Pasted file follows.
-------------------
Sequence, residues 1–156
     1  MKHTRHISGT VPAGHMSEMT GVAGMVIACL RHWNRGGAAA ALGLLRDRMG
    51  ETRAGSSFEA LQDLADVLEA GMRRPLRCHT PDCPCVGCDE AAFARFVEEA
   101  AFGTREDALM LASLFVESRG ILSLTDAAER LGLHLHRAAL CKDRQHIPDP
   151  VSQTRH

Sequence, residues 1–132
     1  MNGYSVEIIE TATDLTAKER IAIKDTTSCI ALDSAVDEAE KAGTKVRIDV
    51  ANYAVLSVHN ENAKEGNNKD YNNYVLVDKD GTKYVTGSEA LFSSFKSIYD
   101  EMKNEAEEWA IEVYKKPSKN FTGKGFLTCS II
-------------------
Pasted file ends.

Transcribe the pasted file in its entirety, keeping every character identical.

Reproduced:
Sequence, residues 1–156
     1  MKHTRHISGT VPAGHMSEMT GVAGMVIACL RHWNRGGAAA ALGLLRDRMG
    51  ETRAGSSFEA LQDLADVLEA GMRRPLRCHT PDCPCVGCDE AAFARFVEEA
   101  AFGTREDALM LASLFVESRG ILSLTDAAER LGLHLHRAAL CKDRQHIPDP
   151  VSQTRH

Sequence, residues 1–132
     1  MNGYSVEIIE TATDLTAKER IAIKDTTSCI ALDSAVDEAE KAGTKVRIDV
    51  ANYAVLSVHN ENAKEGNNKD YNNYVLVDKD GTKYVTGSEA LFSSFKSIYD
   101  EMKNEAEEWA IEVYKKPSKN FTGKGFLTCS II